I have a water heater installed 4 years ago that I want to change the anode rod on. This water heater has the anode rod combined with the outlet nipple. I went to change it but it is hard piped to the water supply, preventing me from easily removing the anode rod. Picture below if it does any good.

What is my best route forward? I would like to plan on changing the anode rod every few years so this isn't a one time thing. I guess I could get a CPVC to brass MIP adapter:


and then a flex line. I hear that flex lines are prone to random leaks and sometimes not allowed to code.

Are there any other routes other than cutting the CPVC every few years and redoing the connection?

Hot water outlet

  • Changing the anode at regular intervals seems like such a good idea, but for some reason few people seem to do it. It may be the "don't fix, replace" mentality, or there may be some reason why it doesn't work out in practice. Commented Dec 4, 2016 at 22:21
  • Twenty-five years ago I tried and failed to remove the anode rod on my gas fired tank. The tank had been in service for 12 years and had failed. I had the tank horizontal outside, didn't care if I damaged it, but could not budge the anode rod, which was separate from the fill tube. I did not have the tank connected with a dielectric (i.e., non-conducting) nipple; I used sweated copper from the tank to the copper lines. Commented Dec 5, 2016 at 1:42

1 Answer 1


I can't imagine a code that would prohibit flexible water lines, but all building codes are up to the local jurisdiction so it is possible. In earthquake country on the west coast, flexible water lines are required in some places and optional but recommended in others.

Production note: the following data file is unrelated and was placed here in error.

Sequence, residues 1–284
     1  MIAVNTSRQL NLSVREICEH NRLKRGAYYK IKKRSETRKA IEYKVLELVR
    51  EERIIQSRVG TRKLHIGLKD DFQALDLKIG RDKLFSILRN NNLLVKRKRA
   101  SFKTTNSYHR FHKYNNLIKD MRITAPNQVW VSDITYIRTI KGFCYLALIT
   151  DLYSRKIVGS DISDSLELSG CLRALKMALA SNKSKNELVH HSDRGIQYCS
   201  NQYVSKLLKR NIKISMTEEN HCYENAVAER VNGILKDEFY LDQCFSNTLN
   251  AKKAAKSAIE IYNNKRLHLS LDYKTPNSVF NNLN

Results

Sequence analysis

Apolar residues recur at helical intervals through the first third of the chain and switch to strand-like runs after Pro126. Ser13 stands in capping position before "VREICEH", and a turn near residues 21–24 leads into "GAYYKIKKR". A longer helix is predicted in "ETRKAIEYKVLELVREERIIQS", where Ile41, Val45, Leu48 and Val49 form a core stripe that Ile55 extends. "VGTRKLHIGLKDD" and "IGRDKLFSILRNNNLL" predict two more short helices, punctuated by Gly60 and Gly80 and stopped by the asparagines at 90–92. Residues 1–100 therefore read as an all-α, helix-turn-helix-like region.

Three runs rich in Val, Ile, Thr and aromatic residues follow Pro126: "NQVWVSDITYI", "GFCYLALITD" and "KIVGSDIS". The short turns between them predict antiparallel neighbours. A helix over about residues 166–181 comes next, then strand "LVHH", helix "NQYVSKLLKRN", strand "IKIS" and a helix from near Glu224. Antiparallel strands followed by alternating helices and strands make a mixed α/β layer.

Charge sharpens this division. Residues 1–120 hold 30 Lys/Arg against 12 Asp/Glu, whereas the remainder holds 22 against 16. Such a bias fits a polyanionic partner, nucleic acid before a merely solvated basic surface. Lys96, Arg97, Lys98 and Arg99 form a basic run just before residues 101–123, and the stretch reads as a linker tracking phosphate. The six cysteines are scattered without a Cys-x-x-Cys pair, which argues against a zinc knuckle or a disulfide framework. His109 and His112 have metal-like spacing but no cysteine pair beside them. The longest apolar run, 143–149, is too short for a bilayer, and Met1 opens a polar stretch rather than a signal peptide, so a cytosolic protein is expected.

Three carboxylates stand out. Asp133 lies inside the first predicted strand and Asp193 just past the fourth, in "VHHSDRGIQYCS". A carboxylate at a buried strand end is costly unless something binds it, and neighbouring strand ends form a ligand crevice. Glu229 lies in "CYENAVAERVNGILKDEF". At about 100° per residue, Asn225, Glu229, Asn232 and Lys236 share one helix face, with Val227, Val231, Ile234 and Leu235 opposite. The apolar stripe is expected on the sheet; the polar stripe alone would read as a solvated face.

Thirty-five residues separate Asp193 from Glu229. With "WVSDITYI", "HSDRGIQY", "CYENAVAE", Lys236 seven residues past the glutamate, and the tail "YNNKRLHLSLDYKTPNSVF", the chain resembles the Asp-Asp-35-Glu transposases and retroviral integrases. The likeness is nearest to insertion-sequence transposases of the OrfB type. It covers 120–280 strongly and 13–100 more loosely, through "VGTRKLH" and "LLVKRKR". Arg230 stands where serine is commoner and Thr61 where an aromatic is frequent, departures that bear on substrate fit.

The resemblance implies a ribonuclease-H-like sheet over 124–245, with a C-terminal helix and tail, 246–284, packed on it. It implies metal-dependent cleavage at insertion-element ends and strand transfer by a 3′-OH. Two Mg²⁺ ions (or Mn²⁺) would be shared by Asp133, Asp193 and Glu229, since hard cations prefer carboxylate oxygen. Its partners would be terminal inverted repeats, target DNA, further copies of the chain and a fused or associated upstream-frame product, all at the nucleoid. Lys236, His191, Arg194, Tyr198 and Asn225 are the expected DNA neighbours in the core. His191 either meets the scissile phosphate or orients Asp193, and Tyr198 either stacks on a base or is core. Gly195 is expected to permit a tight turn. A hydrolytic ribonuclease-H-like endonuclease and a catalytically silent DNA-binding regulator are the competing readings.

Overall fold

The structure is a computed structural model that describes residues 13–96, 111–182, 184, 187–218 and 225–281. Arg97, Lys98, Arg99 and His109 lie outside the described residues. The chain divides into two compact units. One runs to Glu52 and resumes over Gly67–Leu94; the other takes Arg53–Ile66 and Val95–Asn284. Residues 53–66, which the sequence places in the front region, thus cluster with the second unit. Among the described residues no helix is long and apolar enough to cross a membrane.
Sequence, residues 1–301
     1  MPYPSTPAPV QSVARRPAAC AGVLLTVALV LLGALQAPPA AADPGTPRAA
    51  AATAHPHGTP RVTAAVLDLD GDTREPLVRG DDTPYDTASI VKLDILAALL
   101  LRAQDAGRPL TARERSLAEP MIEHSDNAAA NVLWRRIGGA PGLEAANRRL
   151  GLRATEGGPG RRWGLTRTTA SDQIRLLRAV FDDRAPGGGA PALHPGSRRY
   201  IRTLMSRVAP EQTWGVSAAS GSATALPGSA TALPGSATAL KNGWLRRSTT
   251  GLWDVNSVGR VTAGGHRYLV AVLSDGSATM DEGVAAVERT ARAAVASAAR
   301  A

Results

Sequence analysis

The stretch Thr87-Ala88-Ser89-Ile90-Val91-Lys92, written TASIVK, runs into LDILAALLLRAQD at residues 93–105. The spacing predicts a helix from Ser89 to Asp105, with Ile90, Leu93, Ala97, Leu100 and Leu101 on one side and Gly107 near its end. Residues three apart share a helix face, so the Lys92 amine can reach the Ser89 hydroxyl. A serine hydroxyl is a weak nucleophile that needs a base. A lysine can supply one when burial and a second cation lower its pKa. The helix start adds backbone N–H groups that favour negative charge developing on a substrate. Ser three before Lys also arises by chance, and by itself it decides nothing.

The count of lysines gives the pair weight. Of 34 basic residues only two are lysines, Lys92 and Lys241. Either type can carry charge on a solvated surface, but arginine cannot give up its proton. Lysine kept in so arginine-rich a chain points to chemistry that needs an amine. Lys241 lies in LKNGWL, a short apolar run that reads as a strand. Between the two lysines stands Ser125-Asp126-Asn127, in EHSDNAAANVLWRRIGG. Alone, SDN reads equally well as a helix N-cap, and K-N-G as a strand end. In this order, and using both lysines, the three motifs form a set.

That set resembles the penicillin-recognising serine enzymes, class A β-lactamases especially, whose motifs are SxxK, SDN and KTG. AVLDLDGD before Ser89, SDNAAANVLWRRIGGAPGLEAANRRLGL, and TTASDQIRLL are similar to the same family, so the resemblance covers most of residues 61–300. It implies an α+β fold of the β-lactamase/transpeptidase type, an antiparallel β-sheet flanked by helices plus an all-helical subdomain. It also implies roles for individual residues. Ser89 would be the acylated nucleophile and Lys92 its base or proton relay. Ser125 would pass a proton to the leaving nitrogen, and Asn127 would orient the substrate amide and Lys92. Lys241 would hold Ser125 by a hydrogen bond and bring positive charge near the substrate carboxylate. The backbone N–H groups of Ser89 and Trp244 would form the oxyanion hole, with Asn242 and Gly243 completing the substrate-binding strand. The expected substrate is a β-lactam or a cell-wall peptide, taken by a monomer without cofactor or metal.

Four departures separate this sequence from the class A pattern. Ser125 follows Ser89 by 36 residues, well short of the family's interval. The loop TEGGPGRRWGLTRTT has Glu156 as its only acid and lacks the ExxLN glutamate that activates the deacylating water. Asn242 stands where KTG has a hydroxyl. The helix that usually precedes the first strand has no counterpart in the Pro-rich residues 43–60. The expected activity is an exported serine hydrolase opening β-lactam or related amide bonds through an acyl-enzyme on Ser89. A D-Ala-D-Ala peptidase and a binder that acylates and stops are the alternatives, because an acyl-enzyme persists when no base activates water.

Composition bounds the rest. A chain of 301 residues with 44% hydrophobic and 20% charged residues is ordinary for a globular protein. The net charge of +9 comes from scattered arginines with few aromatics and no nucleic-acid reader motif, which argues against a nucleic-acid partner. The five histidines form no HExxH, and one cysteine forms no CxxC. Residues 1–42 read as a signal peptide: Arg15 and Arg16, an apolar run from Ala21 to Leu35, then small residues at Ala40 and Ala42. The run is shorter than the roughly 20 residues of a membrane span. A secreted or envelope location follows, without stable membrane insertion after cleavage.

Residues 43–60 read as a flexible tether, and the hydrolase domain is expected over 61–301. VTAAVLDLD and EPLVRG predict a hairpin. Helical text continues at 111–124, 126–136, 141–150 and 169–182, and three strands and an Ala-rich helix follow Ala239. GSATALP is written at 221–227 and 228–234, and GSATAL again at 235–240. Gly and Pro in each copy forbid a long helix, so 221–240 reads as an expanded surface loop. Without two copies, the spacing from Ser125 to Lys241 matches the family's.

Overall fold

Looking at, for example, Daly City water heater requirements (http://www.dalycity.org/Page192.aspx) say flex lines are recommended but not mandatory. In either case, "A union or flared connection is required on hot and cold water lines to facilitate removal of the appliance (CPC 609.5)". Flex lines give you the flare connection.

There are two common types of flexible lines for water heaters: copper and rubber+steel. It could be that in your jurisdiction, one type is allowed but the other is prohibited. Copper flexible water line Rubber and steel flexible water line

A union is a pipe joint with matching threads, made specifically for allowing disconnection of a hard connection. Whoever installed yours without a union didn't know what they were doing. You can easily add a PVC union to the existing setup if you want to avoid adding a flex line for any reason.

PVC union joint

But personally, I would install the copper flex lines on both hot and cold, until a local inspector told me specifically it was not allowed.

And while you're at it, if this is a gas heater, make sure it is 18 inches off the floor too. :-)

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